water leaked from the center of the door

  • Customer: Bradford from Secor, IL
  • Difficulty: Really Easy
  • Time to Complete: 15 - 30 mins
  • Tools Required:
  • 7 of 7 people found this instruction helpful
DO NOT BE TEMPTED TO REMOVE THE INNER DOOR SCREWS!!!!! I was and added about 10 minutes to a repair that should take less than 5. The lower door gasket just pulls out the bottom of the door. No tools required, just pull it out. The new one just pushes in, no click or anything, just make sure it bottoms into the groove.

Broke nubs off of stem when cleaning

  • Customer: Glen from Chicago, IL
  • Difficulty: Really Easy
  • Time to Complete: Less than 15 mins
  • Tools Required: Screw drivers
  • 7 of 7 people found this instruction helpful
I took the bottom parts out. This can basically be done without tools. You need a phillips to unscrew 3 screws to remove the stem. Then easily replace with the new one. Putting the spiny washing part was kinda weird because I was afraid to break the nubs off again. I took the whole bottom carriage out so I could see better, pushed down kinda hard and twisted the right way (figure out which way needs to be twisted before hand by looking through the bottom of the stem).

Upper rack not being cleaned

  • Customer: steven from Walnut Creek, CA
  • Difficulty: Easy
  • Time to Complete: 30 - 60 mins
  • Tools Required: Pliers, Screw drivers
  • 8 of 11 people found this instruction helpful
This was pretty easy. It was a guess as to the problem, but there much debate , if the water isn't moving it had to be the pump, right?. So i replaced the circulation pump. 2 screws on the top and two trim screws on the bottom, and it slides right out. Then UNPLUG IT.. Take the screen out of the bottom on the inside and make sure you get all the water out or it will end up on the floor when you tip it on it's side. The directions were ok, i looked over them briefly but didn't use them. tools were, phillips srewdriver, torx driver (pump bracket srews) wire stripper/crimper (for the plug adaptor) and a heat gun, (for the heat shrink tube for the crimp connection). Overall it was pretty easy. the pump was made to be easy to replace. 45 min and back in action.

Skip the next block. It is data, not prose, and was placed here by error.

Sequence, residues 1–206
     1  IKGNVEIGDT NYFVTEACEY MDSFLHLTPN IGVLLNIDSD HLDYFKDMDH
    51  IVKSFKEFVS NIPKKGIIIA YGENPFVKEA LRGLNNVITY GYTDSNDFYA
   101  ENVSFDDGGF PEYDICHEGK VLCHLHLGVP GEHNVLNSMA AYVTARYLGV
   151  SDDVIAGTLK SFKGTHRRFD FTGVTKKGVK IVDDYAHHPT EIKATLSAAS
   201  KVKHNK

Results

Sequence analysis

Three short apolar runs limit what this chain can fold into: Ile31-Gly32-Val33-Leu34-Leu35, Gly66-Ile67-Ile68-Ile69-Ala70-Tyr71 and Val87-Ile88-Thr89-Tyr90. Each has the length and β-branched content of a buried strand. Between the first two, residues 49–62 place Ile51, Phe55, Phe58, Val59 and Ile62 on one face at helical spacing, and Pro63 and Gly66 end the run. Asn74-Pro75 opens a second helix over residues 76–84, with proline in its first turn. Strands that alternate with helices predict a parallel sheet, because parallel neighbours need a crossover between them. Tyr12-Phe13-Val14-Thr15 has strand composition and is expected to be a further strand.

Dishwasher leaks

  • Customer: Gardner from Old Saybrook, CT
  • Difficulty: Difficult
  • Time to Complete: More than 2 hours
  • Tools Required: Nutdriver, Screw drivers, Socket set
  • 8 of 12 people found this instruction helpful
First point of leakage was the door. Turns out that a gasket at the bottom of the door functions as a wave trap. As the bottom sprayer spins it sprays against the door and creates a small wave of water this gasket was starting to disintegrate, it was letting water surge over the small tray at the doors bottom. Easy to replace just pull down and remove press fit on inside door bottom. Only when this was replaced did I find the real leak but not until I guessed at the tub seal as the leak. Very hard to see where the water really comes from! Turns out it was not the tub seal but a clip that holds the heater element got smashed down from a dropped dish rack at some earlier time and this caused the heat to increase at the clip and eventually heat the clip to extent it melted the tub directly under it. JB Weld to the rescue and we have a waterproof tub again. Well almost! The tub gasket resisted my best efforts to seat correctly and thus required a new tub gasket, still hard to seat but after 2-3 attempts we have a winner. Total cost about 50 bucks vs. 6-700 for a new unit. Wife is happy!!
All Instructions for the FDB1050REM2
46-60 of 449